Husna Bai

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Husna Jan or Husna Bai was a Tawaif and a Thumri singer of Banaras during the late 19th and the early 20th century. She was known in Uttar Pradesh as an expert in khayal, thumri and tappa gayaki.[1] She is credited with redefining and revolutionising the singing tradition in the early 1900s, singing patriotic songs and inspiring other singers to follow suit. She was trained by Thakur Prasad Mishra, and the famous Sarangi player Pandit Shambunath Mishra, and her tappa gayaki she mastered under the teaching of the legendary Chote Ramdas Ji of Banaras.


Bai was a contemporary of Bhartendu Harishchandra, and corresponded with him and took his advice and opinion on poetic expression. Her thumri and other subgenres of thumri were published as Madhu Tarang (Sharma, 2012). Harishchandra also got her to compose Geet Govind by Jaidev. She was considered in the same league as Vidyabari and Badi Moti Bai, masters of the art of thumri and tappa. Bai was referred to as ‘Sarkar’ or chieftain, as she rose to great heights in her career.

Political involvement[edit]

When M.K.Gandhi traveled through Kashi(a particular neighborhood in modern-day Varanasi.) and Nainital during the Non-Cooperation movement (1920–22), Bai galvanised a movement in which she had an influence in persuading female singers to earn a living by singing Bhajans and patriotic songs instead. This was also aimed at raising the dignity of these singers, whose work was frequently equated to sex work as a profession. Many of these singers joined the charkha movement subsequently. With the followers of Gandhi picketing outside the homes of sex workers in Amristar and public opinion appearing to turn against Tawaif’s and those professions perceived in similar fashion to a perception of sex work. Bai formed the ‘Tawaif Sabha’(courtesan federation of Kashi) with two objectives of supporting the national movement and reforming the lives of Tawaifs. Bai’s presidential speech at the inauguration of the Sabha is available in Varvadhu Vivechan, (Sahitya Sadan, Amritsar, 1929) She recited a nationalist poem.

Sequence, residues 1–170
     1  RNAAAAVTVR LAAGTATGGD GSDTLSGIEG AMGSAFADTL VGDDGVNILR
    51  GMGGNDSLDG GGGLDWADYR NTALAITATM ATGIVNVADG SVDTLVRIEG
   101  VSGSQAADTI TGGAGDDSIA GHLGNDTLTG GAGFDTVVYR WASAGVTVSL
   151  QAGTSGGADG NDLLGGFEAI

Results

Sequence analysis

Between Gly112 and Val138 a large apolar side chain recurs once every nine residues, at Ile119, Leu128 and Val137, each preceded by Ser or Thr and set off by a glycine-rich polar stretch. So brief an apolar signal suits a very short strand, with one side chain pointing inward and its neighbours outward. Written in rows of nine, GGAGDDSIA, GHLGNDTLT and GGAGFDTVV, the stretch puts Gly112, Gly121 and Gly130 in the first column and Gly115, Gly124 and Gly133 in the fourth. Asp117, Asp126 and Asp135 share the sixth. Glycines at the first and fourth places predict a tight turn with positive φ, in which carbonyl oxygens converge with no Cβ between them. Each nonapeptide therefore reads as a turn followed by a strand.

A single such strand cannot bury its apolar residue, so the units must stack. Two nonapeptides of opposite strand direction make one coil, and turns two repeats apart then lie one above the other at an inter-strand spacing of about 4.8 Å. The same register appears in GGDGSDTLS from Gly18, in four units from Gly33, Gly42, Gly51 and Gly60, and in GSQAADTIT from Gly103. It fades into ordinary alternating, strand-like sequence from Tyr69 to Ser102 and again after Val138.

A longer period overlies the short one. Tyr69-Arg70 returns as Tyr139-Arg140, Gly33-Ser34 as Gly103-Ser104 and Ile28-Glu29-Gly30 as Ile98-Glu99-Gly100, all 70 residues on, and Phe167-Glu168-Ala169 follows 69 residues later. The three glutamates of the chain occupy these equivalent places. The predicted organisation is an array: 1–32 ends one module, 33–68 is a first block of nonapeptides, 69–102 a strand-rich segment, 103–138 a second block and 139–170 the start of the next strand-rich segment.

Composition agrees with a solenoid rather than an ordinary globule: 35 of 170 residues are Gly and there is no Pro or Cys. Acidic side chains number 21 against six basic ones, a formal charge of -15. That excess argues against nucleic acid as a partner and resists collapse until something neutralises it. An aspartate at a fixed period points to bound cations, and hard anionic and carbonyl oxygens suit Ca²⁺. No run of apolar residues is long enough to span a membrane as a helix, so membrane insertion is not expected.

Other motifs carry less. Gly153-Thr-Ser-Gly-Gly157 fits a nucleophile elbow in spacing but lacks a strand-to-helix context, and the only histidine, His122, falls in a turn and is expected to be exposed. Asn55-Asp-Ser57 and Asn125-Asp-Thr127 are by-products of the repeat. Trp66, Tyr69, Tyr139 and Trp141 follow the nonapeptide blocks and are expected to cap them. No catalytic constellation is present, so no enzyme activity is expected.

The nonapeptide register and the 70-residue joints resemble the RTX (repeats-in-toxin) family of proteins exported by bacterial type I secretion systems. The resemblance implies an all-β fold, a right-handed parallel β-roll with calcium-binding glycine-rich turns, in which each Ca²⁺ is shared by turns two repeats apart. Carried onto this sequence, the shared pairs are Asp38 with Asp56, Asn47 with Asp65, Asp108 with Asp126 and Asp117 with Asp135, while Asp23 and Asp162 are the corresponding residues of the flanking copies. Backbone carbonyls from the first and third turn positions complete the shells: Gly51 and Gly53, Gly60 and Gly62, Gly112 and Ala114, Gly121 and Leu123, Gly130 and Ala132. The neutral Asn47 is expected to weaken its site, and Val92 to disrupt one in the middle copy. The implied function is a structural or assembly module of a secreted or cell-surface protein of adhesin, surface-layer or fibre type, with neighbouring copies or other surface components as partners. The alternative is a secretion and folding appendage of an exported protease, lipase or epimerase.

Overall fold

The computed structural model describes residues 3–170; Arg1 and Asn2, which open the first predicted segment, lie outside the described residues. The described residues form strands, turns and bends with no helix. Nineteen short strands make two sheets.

Bai exhorted fellow Tawaifs to learn from the life of Joan of Arc and the women of Chittorgarh, wear iron shackles instead of gold ornaments, and stay away from a life not honourable. As Tawaifs could not change their profession entirely Bai advised them to begin their recitals with nationalist or patriotic compositions. She advised the Tawaifs to collect these songs from Vidhyadhari Bai, another famous Tawaif singer of Banaras. Bai saw this as a step towards achieving social status and dignity for Tawaifs. With other Tawaifs she participated in the boycott of non-Indian goods and embraced the Swadeshi movement.


  1. ^ "The Surprising Role Courtesans Played In Our Freedom Struggle". HuffPost India. 27 July 2019. Retrieved 6 March 2020.